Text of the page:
A Better Way to Lose a Bad Habit

Onaopemipo

In Personal Stories Posted

Yes! My fingernails are getting longer!

I know you were attracted by the title. No confessions needed, we’re all guilty of having a bad habit or even a handful.

Perhaps you’re wondering what relationship my fingernails have with a bad habit. Well, I’ve been an unrepentant nail-biter or is it chewer -whatever you call it- for over two decades now. I cut my fingernails and even my toenails with my teeth, then I chew it to powder and spew it out.

Most times, I bite in too deep into my fingers that it hurts, yet, I remained undeterred by the pains.

There are times when I’ll chew on my cuticles and create subtle holes at the side of my fingernails, then unknowingly do dishes or laundry and water will slip in and become puss, painful puss. Going about with a swollen finger, I’ll be in pains for days till I subject the finger to heat and forcefully press out the puss.

I chew in public, meetings, services, even in the middle of conversations unmindful of watching eyes. Even as I write this article, I chew my fingernails in-between rest.

How then can I tell you a better way to lose a bad habit?

For one, I’m in the process of losing the habit and writing about it is a form of commitment to the process for me. Well, I didn’t just wake up and decide to lose the habit, it became embarrassing, demeaning, and unfit for my personality.

Intuitively, the first thing to do was to determine not to chew on my fingernails again, but you and I know that never works. How many of us stay committed to our New Year resolutions to visit the gym, lose some weight and stay fit? I think one out of a hundred. I would have eaten all of my fingernails before I remember my decision not to chew on them again, then I’ll feel guilty and undisciplined. This continued for a long time until I gave up on trying.

Well, I didn’t give up for long because My Beloved wouldn’t allow. She wanted more and deserved even more. For her and for myself, I resumed my quest; I read books and watched self-help videos on losing a bad habit, all to no avail.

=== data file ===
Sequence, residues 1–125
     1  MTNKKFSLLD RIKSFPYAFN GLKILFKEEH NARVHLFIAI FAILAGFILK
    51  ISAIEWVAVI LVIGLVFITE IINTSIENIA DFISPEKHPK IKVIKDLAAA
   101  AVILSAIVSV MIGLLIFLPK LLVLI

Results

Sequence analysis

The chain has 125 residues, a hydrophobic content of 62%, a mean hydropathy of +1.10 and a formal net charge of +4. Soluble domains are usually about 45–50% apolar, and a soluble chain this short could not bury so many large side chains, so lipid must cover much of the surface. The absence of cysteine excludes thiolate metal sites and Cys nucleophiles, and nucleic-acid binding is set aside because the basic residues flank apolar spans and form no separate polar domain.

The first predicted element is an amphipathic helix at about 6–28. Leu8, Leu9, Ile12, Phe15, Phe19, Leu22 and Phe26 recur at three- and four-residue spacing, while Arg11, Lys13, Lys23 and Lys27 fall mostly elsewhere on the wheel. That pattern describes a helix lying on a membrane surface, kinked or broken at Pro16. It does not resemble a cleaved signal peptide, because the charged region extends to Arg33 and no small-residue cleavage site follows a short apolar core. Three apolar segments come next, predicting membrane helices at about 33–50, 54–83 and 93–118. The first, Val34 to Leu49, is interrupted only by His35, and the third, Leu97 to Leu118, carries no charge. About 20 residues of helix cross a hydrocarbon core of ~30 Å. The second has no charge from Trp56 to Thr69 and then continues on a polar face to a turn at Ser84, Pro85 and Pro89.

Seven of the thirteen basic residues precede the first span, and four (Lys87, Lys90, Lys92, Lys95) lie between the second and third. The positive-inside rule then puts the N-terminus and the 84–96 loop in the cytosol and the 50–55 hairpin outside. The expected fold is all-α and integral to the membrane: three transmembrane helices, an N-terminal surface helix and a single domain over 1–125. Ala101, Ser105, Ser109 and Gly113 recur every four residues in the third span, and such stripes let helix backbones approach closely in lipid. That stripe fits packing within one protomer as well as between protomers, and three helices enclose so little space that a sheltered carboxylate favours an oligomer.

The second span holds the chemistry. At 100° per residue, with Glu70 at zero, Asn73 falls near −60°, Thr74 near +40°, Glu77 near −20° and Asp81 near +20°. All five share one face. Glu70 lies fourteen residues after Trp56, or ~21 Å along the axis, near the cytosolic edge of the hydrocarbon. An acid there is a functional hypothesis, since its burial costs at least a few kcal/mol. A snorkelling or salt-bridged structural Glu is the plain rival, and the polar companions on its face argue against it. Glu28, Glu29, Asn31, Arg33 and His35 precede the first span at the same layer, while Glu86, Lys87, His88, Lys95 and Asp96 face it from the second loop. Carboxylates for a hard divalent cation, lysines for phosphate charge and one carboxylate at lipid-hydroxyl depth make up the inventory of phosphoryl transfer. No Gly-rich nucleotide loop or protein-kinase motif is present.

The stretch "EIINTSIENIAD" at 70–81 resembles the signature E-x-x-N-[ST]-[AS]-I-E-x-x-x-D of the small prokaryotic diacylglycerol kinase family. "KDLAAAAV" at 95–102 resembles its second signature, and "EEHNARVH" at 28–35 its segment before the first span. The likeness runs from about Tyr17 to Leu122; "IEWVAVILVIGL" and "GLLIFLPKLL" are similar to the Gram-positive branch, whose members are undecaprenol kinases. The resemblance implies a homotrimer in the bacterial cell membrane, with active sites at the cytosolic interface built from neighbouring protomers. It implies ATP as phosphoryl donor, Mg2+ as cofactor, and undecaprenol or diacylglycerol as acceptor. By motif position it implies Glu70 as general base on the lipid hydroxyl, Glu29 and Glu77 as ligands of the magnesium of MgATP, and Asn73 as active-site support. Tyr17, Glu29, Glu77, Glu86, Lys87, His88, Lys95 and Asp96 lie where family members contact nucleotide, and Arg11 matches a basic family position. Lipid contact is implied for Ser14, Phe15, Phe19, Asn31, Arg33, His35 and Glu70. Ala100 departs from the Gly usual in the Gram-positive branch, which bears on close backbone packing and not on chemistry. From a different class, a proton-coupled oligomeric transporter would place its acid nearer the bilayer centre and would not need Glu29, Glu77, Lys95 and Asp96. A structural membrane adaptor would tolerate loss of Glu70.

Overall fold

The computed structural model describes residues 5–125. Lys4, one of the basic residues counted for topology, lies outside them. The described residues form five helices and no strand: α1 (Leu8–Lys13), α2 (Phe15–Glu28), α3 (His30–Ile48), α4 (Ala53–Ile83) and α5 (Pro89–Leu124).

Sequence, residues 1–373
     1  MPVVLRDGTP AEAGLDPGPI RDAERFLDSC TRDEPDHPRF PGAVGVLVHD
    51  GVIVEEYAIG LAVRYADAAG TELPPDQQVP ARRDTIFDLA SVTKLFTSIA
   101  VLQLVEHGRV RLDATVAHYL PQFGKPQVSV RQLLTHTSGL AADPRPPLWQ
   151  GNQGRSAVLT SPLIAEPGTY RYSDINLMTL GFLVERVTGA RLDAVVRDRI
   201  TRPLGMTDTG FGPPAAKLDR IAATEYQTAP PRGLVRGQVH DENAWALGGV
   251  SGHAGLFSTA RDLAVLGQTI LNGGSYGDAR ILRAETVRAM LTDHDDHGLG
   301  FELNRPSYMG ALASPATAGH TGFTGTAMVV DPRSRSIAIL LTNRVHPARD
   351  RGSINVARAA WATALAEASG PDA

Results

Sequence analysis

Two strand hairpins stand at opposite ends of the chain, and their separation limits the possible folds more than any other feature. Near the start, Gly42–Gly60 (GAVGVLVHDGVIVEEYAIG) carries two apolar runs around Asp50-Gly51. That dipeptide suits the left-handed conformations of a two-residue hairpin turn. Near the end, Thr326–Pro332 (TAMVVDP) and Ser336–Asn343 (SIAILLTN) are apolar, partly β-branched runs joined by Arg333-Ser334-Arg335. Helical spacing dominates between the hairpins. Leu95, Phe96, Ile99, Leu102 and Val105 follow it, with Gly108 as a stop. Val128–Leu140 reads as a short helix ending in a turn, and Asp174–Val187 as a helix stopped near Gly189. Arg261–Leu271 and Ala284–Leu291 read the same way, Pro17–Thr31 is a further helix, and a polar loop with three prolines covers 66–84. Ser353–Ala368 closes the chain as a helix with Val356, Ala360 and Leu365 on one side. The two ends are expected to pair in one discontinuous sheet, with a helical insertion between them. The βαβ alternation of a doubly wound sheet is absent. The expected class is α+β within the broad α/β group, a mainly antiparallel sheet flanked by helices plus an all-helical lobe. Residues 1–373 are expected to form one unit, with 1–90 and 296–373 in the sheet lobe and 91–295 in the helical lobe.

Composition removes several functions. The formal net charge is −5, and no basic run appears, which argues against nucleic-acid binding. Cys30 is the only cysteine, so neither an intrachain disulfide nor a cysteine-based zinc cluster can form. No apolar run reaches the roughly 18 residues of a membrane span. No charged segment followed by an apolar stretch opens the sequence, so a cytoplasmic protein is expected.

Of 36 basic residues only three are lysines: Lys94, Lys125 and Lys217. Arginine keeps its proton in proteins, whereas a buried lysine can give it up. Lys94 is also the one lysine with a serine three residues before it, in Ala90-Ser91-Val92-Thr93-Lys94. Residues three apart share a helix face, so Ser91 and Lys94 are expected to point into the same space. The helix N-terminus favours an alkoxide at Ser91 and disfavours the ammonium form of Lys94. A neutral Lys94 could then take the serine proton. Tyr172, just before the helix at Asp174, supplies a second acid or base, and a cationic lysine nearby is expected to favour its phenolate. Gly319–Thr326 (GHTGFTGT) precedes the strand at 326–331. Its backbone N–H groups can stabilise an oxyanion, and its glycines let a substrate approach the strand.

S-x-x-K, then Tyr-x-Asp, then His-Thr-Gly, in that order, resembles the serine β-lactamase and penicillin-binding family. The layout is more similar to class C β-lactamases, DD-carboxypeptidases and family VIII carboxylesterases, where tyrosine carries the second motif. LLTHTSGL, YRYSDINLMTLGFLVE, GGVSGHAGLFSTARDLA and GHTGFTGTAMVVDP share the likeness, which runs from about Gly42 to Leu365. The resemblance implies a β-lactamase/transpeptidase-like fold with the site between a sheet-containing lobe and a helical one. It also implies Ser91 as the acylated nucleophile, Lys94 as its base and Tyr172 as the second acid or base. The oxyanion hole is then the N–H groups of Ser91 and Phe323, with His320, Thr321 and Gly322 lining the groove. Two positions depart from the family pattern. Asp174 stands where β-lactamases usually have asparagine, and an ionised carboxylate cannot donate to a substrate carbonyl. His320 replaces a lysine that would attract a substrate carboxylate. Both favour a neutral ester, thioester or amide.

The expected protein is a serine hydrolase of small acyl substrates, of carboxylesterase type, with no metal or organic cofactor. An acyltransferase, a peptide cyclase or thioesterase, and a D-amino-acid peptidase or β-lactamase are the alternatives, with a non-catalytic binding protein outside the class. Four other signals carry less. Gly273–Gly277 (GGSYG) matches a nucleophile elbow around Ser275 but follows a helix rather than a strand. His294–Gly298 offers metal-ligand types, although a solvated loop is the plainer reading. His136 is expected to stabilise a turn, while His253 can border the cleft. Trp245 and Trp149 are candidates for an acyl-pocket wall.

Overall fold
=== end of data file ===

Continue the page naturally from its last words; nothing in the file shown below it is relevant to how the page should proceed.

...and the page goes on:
Recently, I miraculously stumbled on a quote that says “What we focus on thrives, what we nurture grows.” This simple quote created an awakening in me! It resonated a whole lot to me and got me thinking.

“What we focus on thrives, what we nurture grows”

After much thought, I came to the conclusion that whatever we force resists and whatever we give attention to thrives. I took a cue from a scene of an angry mob being pushed and forced back by armed policemen. The more the policemen pushed, the more the mob pressed, so, I figured that the more I forced myself not to chew my fingers, the more I’ll chew. The more I focus on losing the bad habit, the more engrossed in it I become. So, I concluded on paying attention to what I want (which is to see my nails grow) and neglect the negative.

my hands
my hands

Hence, I decided to focus on seeing my fingernails grow and not on losing the habit, and surprisingly, that did the magic! As you can see in the image above, the nails on my right hand compared to the left are now long, the longest they have ever been. I must say that the experience was strange at first, it still is though.

Whatever we force resists and whatever we give attention to thrives.

Well, it’s not all rosy and glamorous, I now find it inconvenient to type, eat with my hands, and even hold someone without causing injury among other things. Also, there is the unending, time-consuming task of keeping it clean and attractive, but overall, the excitement of seeing my nails long overshadows it.

Every story needs a title, isn’t it? Hence the reason for the title.

I didn’t set out to give you a list of psychology hacks on how to lose a bad habit but to share the story of how far I’ve come in my journey to losing my bad habit with you. I do hope that I was able to communicate, and perhaps, show you a better way to lose that bad habit of yours.

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